Beauty 45 miles in any direction

It’s time again for Rick Bell’s annual year in review, a photographer’s look at life in and around Bluff. Some folks say Bluff is the middle of nowhere, at Twin Rocks Trading Post we think it is the center of the universe.
We are in the bull’s eye of an amazing array of fascinating places. All these photos were taken within a 45-mile radius of Bluff. Each of these locations are worth visiting, and collectively they form a unique tourist experience.
Twin Rocks Trading Post
While visiting Twin Rocks Trading Post you won’t need to travel far to see some stunning sights. When you walk out our front door, look to the right and see the towering formation known as the Navajo Twins, representing the heroic pair who saved the Navajo people from destruction.
Look to the left and you will see Sunbonnet Rock, a charming sandstone hoo-doo. Immediately behind the Post is a towering bluff which serves as the southern border of the Bears Ears National Monument.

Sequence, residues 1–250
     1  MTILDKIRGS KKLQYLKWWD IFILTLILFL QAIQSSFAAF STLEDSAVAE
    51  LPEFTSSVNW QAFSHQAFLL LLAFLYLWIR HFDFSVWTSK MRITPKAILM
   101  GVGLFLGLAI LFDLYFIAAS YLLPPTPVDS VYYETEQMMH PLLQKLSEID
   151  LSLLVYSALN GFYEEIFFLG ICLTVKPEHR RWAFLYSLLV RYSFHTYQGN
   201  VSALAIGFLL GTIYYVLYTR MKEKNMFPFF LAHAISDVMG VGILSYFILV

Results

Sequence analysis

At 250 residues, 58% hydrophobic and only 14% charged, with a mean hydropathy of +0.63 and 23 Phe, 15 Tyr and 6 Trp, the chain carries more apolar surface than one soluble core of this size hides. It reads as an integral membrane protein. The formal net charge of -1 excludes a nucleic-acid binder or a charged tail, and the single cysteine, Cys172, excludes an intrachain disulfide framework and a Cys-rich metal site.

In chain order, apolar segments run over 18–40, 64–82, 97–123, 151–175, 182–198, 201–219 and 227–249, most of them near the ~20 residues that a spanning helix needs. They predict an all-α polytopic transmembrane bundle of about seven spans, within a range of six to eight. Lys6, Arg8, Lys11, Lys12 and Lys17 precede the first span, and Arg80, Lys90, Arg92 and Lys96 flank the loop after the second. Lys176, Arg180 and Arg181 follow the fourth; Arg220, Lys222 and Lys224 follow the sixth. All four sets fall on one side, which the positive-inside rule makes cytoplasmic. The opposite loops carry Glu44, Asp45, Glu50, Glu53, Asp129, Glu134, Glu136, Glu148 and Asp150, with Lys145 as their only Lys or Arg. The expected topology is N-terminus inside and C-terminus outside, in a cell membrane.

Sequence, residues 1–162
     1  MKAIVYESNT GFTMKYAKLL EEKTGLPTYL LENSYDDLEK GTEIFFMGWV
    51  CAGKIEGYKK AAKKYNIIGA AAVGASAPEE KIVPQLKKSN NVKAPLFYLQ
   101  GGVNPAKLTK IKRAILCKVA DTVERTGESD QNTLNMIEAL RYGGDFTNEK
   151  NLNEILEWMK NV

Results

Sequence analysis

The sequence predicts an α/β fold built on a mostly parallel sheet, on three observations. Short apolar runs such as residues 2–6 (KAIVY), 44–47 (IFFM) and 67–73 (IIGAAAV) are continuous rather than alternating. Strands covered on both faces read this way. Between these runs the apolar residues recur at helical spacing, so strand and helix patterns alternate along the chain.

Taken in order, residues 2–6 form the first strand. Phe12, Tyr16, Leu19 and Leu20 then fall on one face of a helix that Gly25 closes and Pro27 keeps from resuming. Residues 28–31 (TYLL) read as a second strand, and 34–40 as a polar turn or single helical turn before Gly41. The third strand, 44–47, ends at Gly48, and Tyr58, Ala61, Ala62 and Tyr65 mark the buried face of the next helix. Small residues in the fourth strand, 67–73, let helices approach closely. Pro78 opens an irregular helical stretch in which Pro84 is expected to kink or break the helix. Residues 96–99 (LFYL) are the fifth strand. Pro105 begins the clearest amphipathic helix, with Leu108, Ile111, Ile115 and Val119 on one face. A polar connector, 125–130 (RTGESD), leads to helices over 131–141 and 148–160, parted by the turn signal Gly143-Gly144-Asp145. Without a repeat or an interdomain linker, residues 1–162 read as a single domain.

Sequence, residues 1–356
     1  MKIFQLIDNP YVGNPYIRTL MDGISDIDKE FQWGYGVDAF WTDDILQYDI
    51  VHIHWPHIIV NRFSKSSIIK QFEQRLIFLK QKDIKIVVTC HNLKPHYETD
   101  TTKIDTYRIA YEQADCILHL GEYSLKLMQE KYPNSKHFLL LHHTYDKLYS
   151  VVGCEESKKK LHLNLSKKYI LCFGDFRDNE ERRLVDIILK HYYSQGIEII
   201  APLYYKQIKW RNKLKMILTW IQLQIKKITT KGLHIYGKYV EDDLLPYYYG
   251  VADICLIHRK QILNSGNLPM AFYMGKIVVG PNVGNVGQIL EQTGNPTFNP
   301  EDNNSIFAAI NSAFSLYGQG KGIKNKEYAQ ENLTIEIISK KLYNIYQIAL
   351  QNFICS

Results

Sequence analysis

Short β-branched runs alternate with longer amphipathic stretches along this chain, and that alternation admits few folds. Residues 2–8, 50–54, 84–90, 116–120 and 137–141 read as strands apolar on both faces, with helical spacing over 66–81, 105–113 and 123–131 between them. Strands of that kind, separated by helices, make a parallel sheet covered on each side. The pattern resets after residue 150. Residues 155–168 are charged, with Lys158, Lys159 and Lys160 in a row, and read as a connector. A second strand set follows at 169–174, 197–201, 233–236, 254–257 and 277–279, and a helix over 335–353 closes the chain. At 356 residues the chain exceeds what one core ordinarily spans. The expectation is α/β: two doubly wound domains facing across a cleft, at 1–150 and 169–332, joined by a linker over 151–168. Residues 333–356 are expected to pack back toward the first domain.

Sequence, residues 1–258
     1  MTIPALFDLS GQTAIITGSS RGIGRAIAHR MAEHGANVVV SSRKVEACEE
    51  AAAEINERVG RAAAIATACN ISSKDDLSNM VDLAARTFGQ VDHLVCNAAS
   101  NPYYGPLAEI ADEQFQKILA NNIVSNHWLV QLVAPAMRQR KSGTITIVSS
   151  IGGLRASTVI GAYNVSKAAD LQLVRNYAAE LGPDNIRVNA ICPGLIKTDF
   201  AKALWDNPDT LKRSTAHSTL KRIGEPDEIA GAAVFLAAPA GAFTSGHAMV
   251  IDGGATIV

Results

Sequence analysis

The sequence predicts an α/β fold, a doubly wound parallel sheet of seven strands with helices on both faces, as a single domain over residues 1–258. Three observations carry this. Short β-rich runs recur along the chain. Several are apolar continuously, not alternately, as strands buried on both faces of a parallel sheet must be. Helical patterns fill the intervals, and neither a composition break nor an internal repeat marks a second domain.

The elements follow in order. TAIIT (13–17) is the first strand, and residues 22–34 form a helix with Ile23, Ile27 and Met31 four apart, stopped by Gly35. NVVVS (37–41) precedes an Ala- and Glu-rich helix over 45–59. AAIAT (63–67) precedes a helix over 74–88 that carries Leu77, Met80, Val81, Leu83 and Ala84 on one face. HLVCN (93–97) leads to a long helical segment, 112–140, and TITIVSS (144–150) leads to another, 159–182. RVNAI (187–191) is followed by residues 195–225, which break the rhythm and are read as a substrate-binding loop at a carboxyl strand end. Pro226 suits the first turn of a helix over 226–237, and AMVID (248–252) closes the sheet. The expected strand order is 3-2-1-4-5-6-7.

Comb Ridge
Comb Ridge lies about eight miles west of Bluff. It is an 80-mile monocline which stretches from Kayenta, Arizona, all the way north to the Abajo Mountains of Utah.
The remarkable geological feature contains countless Anasazi sites, including ruins, granaries and rock art. In Navajo stories, Comb Ridge is where the winds go to sleep.
In 1976 Comb Ridge was named a National Natural Landmark. Its name comes from its resemblance to a rooster’s comb.
Monument Valley Navajo Tribal Park
America’s most iconic landscape, Monument Valley Navajo Tribal Park has appeared in countless movies, commercials, and advertisements.
It became internationally famous in 1939 when John Ford shot the classic Western Stagecoach, which made John Wayne a star. Commercial tours are available with Navajo guides, or a 16-mile self-guided driving tour is available.
At the post we have welcomed visitors as far away as Tasmania and Norway, all with a life-long desire to visit Monument Valley. Monument Valley straddles the Utah and Arizona state lines and lies 44 miles west of Bluff.